Can I appoint more than one person to be my health care agent?
In many states you may not appoint more than one person to act as your agent at the same time. Unnecessary conflict and confusion may result when one person does not have clear decision making authority. The medical providers also can communicate more effectively when they know that there is one person clearly designated to receive information and make decisions. You can appoint an alternate agent in case the primary agent is unavailable or unable to serve. You can ask your agent to share informationand consult with other family members if you wish.
Parents sometimes want to appoint all of their adult children to act together as the agent to avoid "playing favorites." If you do not want to make this choice alone, you could ask your children to decide among themselves who should be the primary agent. Practical considerations such as location often make the decision obvious; sometimes one child is more willing to take on this role or is more comfortable dealing with medical personnel than another.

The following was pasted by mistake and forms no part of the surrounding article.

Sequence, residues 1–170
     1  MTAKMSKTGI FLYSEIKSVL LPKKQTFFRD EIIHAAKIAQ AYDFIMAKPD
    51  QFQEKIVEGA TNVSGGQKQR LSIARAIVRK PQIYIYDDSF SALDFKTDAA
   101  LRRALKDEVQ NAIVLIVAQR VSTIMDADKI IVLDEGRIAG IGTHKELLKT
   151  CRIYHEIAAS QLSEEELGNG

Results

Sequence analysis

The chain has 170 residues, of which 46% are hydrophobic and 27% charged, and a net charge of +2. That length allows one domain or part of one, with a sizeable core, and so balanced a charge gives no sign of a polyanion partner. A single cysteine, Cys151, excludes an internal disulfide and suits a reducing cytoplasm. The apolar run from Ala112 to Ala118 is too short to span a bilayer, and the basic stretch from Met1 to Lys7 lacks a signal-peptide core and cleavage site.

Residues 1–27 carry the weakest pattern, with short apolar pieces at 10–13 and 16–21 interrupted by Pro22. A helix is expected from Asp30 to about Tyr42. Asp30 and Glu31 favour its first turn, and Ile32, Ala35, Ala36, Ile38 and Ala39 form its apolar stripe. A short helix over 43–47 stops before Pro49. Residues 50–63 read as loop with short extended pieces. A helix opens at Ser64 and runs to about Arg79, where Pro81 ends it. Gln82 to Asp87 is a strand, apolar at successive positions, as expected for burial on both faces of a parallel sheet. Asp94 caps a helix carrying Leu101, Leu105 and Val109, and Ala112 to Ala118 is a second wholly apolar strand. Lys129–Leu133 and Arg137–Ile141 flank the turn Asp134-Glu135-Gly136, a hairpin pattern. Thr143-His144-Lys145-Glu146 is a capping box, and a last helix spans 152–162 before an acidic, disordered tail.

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Every state now has some legal document to use when appointing a health care agent. Forms are available from a variety of sources that may include your local hospital, department of aging, or department of health.
The documents are not difficult to complete, read the instructions carefully and follow the required witnessing procedure. You do not need a lawyer to complete the documents.
Give copies of your completed document to your agent, alternate agent, physician, and anyone else who may be involved with your health care. Keep the original in a safe but accessible place. DO NOT KEEP YOUR ADVANCE DIRECTIVES IN A SAFE DEPOSIT BOX. Other people may need access to them. If you wish to change the person you have appointed, you must prepare a new document and be sure to notify and send copies of the new document to all involved. You can change or revoke your appointment at any time.
Are there limits to the decisions my agent can make?
Yes. Your health care agent cannot make financial decisions or manage your property unless you have provided that authority by other legal means. You can also limit your agent's authority by putting restrictions in your document. In a few states an agent can make decisions based only on what the patient has stated explicitly in the appointment document or living will. You should carefully check the National Hospice and Palliative Care Organization instructions for your state documents and the documents themselves to see what limits apply.
WebMD Medical Reference from the National Hospice and Palliative Care Organization